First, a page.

Monday, August 25, 2014

Franconia Notch Onward

Even though Franconia Notch is a tourist center, I enjoyed my stay in North Woodstock and it's sister town Lincoln. Found a good coffee shop and a decent Thai restuarant so all was good. The Pemi River adds to the beauty of the notch with it's crystal clear water and flumes.

After taking a day off to rest my aching knees, I ascended the Liberty Springs Trail (AT) on Monday morning (8/18). Although it's a steep climb the trail is pretty well-graded so it's not too bad (plus there's a drink of delicious White Mt water waiting at the spring).

From there I finished the climb onto Franconia Ridge, one of the most popular and dramatic areas of the Whites. It's crowned by Mt Lafayette, at over 5000' the tallest peak in this area of the park. Almost as dramatic as the peak is the entire ridge walk which goes above treeline and follows a narrow spine of rock at the summits.
Looking south to Mt. Liberty and Mt. Flume

Looking west across the notch to Cannon cliffs
View of Mt Lincoln from the south

The AT following the rock spine of the ridge
The day had started off promising, with sunshine and mild temps so I had an awesome view on the way up. But one characteristic of the Whites is how rapidly and unpredictably the weather can change. By the time I summited Lafayette, clouds and fog rolled in, the temps dropped about 20ยบ and the wind picked up to 40mph. I was much disappointed by white out on the peak.
 Hiking conditions grew increasingly tougher and I struggled to make the Mt Garfield tentsite, logging only 10 trail miles that day.

Just as quickly as the weather deteriorated on Monday, things reversed into a gorgeous morning Tuesday. I hiked past another hut (Galehead) and steeply up South Twin mountain for my first grand view of the Presidential Range to the northeast.
Mt Washington from the SW, shrouded in clouds

Franconia Ridge from South Twin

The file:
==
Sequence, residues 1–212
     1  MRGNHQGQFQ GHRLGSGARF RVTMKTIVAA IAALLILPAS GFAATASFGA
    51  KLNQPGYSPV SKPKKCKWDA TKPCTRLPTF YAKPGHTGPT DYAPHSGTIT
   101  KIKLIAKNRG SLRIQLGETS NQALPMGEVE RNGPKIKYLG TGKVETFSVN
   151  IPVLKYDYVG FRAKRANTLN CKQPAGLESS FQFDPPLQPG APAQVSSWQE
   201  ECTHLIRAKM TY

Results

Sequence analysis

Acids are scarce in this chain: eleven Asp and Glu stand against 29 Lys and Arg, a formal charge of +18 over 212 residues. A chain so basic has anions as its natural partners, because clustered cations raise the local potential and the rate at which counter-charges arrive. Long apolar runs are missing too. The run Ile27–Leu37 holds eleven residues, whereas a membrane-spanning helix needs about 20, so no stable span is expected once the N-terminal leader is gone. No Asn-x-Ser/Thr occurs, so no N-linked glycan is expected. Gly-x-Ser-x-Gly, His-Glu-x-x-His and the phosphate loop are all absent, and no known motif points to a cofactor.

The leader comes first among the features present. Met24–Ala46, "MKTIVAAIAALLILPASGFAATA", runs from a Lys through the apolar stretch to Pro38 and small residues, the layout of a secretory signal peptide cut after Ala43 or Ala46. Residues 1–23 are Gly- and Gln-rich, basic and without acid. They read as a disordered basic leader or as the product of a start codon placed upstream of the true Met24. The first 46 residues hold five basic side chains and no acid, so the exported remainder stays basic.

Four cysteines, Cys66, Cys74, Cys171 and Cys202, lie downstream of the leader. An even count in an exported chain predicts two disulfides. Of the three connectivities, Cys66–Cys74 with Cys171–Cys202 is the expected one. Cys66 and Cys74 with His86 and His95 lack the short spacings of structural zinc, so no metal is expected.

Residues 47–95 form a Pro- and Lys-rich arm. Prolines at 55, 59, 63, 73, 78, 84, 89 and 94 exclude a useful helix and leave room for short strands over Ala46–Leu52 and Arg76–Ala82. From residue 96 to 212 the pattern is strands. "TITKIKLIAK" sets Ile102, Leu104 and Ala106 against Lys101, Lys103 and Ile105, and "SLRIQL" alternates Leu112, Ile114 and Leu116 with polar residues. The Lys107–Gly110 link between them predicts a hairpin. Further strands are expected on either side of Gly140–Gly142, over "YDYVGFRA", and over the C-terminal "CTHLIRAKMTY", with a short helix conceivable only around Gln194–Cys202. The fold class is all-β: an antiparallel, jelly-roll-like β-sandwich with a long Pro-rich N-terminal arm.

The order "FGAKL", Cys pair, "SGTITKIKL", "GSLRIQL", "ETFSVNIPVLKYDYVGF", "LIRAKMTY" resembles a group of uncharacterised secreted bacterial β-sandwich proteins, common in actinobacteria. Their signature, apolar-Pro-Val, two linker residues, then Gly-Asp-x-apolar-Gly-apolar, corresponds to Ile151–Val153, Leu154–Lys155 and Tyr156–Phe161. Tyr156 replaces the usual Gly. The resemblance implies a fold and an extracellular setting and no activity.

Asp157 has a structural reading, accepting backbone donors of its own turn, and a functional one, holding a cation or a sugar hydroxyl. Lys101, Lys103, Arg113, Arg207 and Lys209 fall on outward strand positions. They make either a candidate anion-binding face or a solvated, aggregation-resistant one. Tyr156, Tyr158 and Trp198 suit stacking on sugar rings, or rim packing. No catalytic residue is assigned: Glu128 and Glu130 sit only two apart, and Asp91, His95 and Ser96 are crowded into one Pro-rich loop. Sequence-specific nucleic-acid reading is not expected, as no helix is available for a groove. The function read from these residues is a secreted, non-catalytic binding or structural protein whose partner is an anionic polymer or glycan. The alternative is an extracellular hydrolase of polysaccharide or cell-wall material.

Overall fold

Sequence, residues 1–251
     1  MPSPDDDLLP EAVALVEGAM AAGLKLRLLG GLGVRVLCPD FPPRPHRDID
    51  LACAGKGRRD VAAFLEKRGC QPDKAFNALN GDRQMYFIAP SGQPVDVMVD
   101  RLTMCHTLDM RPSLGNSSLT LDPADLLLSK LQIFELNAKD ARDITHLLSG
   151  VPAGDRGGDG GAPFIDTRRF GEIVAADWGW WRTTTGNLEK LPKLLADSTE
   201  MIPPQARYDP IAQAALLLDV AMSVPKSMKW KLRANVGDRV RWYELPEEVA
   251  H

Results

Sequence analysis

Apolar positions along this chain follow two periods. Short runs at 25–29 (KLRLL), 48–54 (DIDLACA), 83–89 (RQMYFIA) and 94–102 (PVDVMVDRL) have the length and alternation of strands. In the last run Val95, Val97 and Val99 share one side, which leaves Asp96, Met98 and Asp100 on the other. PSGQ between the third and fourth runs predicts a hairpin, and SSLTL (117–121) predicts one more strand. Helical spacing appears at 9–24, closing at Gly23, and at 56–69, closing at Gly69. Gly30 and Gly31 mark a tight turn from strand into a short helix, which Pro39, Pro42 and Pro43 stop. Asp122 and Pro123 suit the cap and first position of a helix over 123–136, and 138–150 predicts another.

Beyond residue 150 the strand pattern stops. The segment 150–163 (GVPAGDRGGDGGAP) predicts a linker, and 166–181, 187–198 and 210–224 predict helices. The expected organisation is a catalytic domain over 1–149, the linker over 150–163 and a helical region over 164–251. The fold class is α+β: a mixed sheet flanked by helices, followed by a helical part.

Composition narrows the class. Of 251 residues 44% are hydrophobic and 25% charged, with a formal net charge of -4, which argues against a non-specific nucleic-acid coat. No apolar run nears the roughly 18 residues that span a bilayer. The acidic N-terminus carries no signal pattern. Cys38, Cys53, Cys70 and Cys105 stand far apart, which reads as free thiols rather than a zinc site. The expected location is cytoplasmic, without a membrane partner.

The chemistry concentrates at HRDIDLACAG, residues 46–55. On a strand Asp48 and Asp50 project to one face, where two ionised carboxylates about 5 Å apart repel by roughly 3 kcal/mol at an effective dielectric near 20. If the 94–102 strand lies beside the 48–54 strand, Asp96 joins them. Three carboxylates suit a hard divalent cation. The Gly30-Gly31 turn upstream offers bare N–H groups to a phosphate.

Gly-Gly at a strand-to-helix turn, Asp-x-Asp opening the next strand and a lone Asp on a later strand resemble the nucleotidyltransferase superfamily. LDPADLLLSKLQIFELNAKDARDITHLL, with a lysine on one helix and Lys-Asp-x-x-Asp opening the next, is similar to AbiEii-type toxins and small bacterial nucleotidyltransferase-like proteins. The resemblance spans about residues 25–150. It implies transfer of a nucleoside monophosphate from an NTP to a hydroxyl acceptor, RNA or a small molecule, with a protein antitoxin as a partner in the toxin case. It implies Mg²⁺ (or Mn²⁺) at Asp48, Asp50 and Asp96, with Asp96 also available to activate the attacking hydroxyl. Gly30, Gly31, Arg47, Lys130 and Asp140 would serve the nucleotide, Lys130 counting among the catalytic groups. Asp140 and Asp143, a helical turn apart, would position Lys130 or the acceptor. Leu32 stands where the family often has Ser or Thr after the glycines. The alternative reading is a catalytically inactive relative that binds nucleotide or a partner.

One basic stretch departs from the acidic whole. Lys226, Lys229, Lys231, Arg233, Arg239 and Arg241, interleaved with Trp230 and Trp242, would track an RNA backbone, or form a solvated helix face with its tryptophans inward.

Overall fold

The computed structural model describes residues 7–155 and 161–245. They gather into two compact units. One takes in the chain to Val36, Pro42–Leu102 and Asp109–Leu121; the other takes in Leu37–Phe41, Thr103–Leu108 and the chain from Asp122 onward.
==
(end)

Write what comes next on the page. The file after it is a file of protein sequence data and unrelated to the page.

Fortunately, with decent weather and somewhat smooth trail I was able to hike pretty quickly (for me) past Mt Guyot and to Mt Zealand. I had planned to go further but still struggled to get my trail legs (Garfield and S. Twin took it out of me). So rather than push it, I decided to stop early and investigate work-for-stay at the Zealand Falls hut (more on the huts later). Fortunately, I was first in and got a spot. The hut is tucked away in a crease next to a impressive cascade.

Zealand Falls
 I sure am glad I didn't miss that experience. I got to hang out with several other thru-hikers (2 Sobos, 2 Nobos), have fun with the crew and dine on leftovers. Probably even better, I took time to appreciate the really special beauty of the Zealand Falls area and the Whites in general. I could see the Milky Way at night and saw Venus and Jupiter rising with a crescent moon before dawn.
Mt Zealand (notice small white speck to right--the hut)
Fortunately, the hike out the next day on the Ethan Pond Trail was easy all the way down to Crawford Notch. I needed a little confidence booster. Down at the notch was some trail magic and an eager bunch of hiker recipients. One of the cool things about this hike is that I'm somewhere in the bubble of northbound thru-hikers so I've met a lot of excellent people.

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